music concrete,
    hillbilly music,
    The Who,
    Simon & Garfunkel,
    electronic music,
    Bob Dylan,
    world music/ Native American music,
    Romantic period classical music,
    20th century period classical music,
    Santo & Johnny,
    new wave/post-punk,
    spiritual/church music,
    children's music/nursery rhymes,
    60's spy music,
    jazz/funk/fusion,
    Les Paul,
    minimalism,
    heavy metal,
    Eastern/mystical,
    The Nice,
    West Coast/San Francisco,
    nature sounds,
    and even a trace of hip-hop on 'State Of Play'.

    and probably more.

    All of this absorbed into the collective known as Yes, where it becomes part of the very fabric of its being.
    Wow, I thought you had it covered there, but I don’t see Vanilla Fudge in your list. (Unless they belong with psychedelia or West Coast/San Francisco?)

    Leave a comment:


  • alex peters
    replied
    For JA the 1970's was his Ravi Shankar period

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  • Yesed
    replied
    Originally posted by Gilly Goodness View Post
    Hillbilly music?

    Oh, wait.


    There was a hoedown section in the middle of Sound Chaser. Appalachian. Possibly Northern Kentucky.


    Click image for larger version

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    I think your being Disillusional, that aint no Chet Atkins.

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  • Gilly Goodness
    replied
    Hillbilly music?

    Oh, wait.


    There was a hoedown section in the middle of Sound Chaser. Appalachian. Possibly Northern Kentucky.


    Click image for larger version

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Views:	118
Size:	22.6 KB
ID:	13155

    Leave a comment:


  • Soundwaveseeker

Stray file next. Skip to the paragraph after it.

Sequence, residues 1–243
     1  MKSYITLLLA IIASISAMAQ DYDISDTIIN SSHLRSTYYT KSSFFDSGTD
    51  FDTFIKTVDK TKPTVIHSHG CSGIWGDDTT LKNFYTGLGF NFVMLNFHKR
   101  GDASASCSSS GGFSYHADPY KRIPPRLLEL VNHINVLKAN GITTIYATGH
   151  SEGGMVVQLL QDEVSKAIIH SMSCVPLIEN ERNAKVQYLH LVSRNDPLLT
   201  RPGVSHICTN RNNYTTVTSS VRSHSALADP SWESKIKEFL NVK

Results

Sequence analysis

replied
    Yes influences are many, some blatant and some subliminal. Throughout the band 's history you can hear traces of:

    Beatles,
    Beach Boys,
    King Crimson,
    Sibelius,
    R&B/Stax/Motown,
    Lonnie Donegan,
    TV themes,
    psychedelia,
    cowboy music,
    AOR/hard rock,
    Stravinsky,
    Everly Brothers,
    Mahavishnu Orchestra,
    Kosmiche musik,
    Chuck Berry,
    The Association,
    film/soundtrack music,
    Chet Atkins,
    Elton John,
    Zappa,
    music concrete,
    hillbilly music,
    The Who,
    Simon & Garfunkel,
    electronic music,
    Bob Dylan,
    world music/ Native American music,
    Romantic period classical music,
    20th century period classical music,
    Santo & Johnny,
    new wave/post-punk,
    spiritual/church music,
    children's music/nursery rhymes,
    60's spy music,
    jazz/funk/fusion,
    Les Paul,
    minimalism,
    heavy metal,
    Eastern/mystical,
    The Nice,
    West Coast/San Francisco,
    nature sounds,
    and even a trace of hip-hop on 'State Of Play'.

    and probably more.

    All of this absorbed into the collective known as Yes, where it becomes part of the very fabric of its being.

    Leave a comment:


  • Gilly Goodness
    replied
    Playin' TIB as I type. A mighty,juicy slab of highly marbled prime Prog. A mighty beast. It is unrelentin'!

    Elsewhere on TQ I hear Local Hero by Knoppfler in the intro to Minus the Man. Christopher Cross in early parts of ALI and then Queen in the final minutes. Floyd in the languorous beauty that is DTK. Beatles in MT. As well as an Aussie band called Mental as Anything. ATOTT Genesis in intro to MTME.

    Quite a lot really. More influences than most YES albums. But that may come down to the fact that there are now more writers in the band than ever before. 4. Count 'em. 4. All with diverse interests. Oh. And Juano has been influenced by Lodge.

    She's got him dressin' and eatin' better 😋
    Last edited by Gilly Goodness; 04-15-2022, 02:33 PM.